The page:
Pacific Forests

Ever wonder what a rain forest looks like but don’t want to travel to South or Central America? Well, California has just what you’re looking for. The pacific northwest regions of California are famous for lush, fern filled forests. Over one hundred years ago, the entire area coastal area between Crescent City and San Francisco was heavily forested and few settlements existed in the area. In fact, during the Eocene, redwood trees extended all the way into Wyoming. Today, they, along with sequoia and cedar trees, are mostly limited to California’s northern coast.

Gold Rush
The influx of people to California in the late 1800’s during the gold rush, began to take its toll on these forests. The seemingly unlimited source of timber was used to furnish all the houses, buildings and pasture fencing with little or no regard to the consequences of over harvesting. Before scientists could make an accurate census of how many plants and animals lived where, deforestation brought many of the species to extinction.    

Owls and Old Growth
Today, with forest surveys, field studies and population management, we can have a more concrete picture of how the environment is doing. In recent years, more and more people have joined forces to save well-known species in our forests. Many of you may remember the spotted owl lobbying of years past, where it was discovered that the owl only nested in old growth trees. These mature trees are often the ones felled first, as they provide the most timber.

Although many logging companies replant tree groves to replace the ones cut down, this owl was unable to make the transition from old to new growth trees. After years of legislation and negotiations between environmental groups and logging companies, acres of old growth forests were set aside in a preserve that cannot be cut down.   

Saving the Forests
Because maintaining preserves is a costly feat, many of the region’s larger forests have been set aside for recreational use, where a small fee can be collected from hikers, campers and other forest users. This money then goes to maintain facilities, present educational programming, and pay staff to watch over the plants and animals. What a wonderful way to help maintain a habitat!  

While the logging industry still is active in the northwest region, remaining the area’s leading employer and economic foothold, companies are becoming more and more diligent in replanting and utilizing selective logging practices.

Who are the Forest Dwellers?

During mid to late summer and early autumn, large, unusually shaped, colorful caterpillars are often found or seen outdoors. These caterpillars, larvae of moths and butterflies, feed on green leavesof various trees, shrubs and other plants. The exact host plant or plants vary with each species. Most caterpillars are discovered fully grown when wandering across lawns, driveways, sidewalks, etc., on their way to pupation (resting or over wintering) sites. It is this time they are usually finished eating and will cause little or no further plant damage. Therefore, controls are generally not needed.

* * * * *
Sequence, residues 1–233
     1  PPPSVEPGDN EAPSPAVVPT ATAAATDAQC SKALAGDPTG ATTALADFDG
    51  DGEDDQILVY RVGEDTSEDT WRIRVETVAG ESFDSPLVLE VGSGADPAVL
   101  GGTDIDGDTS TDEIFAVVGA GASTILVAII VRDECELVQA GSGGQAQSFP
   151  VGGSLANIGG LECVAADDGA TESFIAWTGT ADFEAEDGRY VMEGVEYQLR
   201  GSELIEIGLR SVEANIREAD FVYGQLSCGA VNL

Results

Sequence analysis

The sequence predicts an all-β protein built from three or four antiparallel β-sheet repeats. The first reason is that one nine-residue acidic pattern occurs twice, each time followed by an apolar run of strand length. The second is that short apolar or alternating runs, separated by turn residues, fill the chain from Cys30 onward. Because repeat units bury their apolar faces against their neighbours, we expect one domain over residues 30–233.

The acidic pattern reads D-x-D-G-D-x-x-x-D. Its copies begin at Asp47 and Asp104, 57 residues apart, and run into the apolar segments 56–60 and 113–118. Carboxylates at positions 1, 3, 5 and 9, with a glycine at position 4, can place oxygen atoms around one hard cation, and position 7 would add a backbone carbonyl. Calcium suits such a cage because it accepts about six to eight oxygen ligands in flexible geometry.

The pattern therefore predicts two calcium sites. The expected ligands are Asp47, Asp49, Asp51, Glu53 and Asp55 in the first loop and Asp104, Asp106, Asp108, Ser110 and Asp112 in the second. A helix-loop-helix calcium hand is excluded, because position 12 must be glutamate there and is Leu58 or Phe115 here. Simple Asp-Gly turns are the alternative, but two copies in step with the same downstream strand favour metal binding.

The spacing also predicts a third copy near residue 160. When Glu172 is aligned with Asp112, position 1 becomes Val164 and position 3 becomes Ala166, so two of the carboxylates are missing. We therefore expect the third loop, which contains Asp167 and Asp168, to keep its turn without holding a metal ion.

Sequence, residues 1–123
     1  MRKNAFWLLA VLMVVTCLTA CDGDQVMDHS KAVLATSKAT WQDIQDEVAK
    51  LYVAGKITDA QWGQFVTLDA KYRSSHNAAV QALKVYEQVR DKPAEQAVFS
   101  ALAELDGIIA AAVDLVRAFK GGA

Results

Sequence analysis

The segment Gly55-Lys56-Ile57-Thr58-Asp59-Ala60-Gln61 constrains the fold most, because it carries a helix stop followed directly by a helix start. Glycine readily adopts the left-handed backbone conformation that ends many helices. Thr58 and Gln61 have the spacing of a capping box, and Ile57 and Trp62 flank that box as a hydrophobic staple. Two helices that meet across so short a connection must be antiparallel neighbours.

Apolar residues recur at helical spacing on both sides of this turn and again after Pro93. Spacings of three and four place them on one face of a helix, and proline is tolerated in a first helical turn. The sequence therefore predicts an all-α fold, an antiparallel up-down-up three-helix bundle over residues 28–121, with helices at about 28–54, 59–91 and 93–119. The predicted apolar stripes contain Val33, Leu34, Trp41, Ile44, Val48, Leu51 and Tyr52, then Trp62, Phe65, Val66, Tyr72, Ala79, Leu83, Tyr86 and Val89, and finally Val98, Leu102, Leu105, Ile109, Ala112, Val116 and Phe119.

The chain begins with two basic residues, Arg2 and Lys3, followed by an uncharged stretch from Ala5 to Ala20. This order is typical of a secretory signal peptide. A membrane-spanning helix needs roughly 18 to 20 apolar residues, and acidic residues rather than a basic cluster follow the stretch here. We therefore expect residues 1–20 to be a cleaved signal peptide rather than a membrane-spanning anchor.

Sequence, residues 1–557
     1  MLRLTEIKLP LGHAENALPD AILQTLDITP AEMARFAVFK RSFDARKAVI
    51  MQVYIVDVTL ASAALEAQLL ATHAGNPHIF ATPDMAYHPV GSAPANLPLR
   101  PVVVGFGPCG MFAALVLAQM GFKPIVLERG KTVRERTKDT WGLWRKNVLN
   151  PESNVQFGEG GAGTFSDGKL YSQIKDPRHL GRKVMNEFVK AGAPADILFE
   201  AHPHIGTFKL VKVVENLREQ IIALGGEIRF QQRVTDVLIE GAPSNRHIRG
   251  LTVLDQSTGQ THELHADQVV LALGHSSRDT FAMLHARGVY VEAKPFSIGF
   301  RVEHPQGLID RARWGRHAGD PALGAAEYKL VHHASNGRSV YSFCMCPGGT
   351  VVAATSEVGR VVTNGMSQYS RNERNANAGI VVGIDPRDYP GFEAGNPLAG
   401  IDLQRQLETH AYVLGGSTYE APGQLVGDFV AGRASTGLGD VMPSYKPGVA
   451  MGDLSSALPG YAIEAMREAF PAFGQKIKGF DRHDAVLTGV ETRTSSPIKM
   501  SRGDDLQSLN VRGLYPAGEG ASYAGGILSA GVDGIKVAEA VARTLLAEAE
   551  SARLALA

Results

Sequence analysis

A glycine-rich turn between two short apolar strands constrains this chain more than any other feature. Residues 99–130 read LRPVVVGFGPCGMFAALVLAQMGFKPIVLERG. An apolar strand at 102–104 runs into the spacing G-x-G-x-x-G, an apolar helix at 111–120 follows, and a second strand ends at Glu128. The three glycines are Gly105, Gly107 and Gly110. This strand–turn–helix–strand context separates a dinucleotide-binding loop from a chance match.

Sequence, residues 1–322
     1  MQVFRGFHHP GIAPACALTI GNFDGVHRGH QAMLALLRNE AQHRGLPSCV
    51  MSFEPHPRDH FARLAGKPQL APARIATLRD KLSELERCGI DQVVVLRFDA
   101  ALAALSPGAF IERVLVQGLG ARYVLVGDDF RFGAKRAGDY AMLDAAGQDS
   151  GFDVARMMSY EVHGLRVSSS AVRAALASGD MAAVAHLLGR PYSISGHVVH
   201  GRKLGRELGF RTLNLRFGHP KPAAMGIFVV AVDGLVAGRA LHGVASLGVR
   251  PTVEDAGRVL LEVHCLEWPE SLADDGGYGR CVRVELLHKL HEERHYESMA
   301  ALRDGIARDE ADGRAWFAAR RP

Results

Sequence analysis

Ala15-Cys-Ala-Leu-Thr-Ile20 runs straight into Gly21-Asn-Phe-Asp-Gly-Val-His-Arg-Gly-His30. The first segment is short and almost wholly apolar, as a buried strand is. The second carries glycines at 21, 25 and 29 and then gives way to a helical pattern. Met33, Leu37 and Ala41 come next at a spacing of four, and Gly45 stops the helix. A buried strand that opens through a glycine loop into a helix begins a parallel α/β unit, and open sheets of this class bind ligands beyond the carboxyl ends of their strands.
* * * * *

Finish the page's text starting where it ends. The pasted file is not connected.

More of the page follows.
This bulky, bear-like animal is dark brown with broad, yellowish bands from shoulders to hips, meeting at the base of the tail. The male is generally larger than the female and average weight is 18-42 pounds. Preferring forests and tundra, the wolverine is distributed throughout B.C. except in heavily populated areas. The also occupy Alaska, Yukon, and the Northwest Territories but are rare in the Prairies
and eastward. 
   American Bald Eagle
This large eagle is a blackish colour with a white head and tail and a heavy yellow bill. The call is a squeaky cackling with thin squeals. The bald eagle breeds from Alaska east across Canada and south to California. Winters are spent along coasts and large rivers in much of the United States. They inhabit lakes, rivers, marshes and seacoasts.

   American Peregrine Falcon
This large, robust falcon is slate-grey above and pale below, with fine black bars and spots. The head is hooded with black and has a wide black "moustache". Young birds are brown or brownish-slate above and heavily streaked below. Usually a silent bird, a rasping "kack-kack-kack-kack" can be heard while nesting. The Peregrine Falcon breeds from Alaska and the Canadian Arctic, south through the mountainous west and sparingly in the east, wintering coastally, north to British Columbia. They prefer open country, especially along rivers and lakes and occasionally in cities.

See other types of habitats by following the links on the right side of the page.

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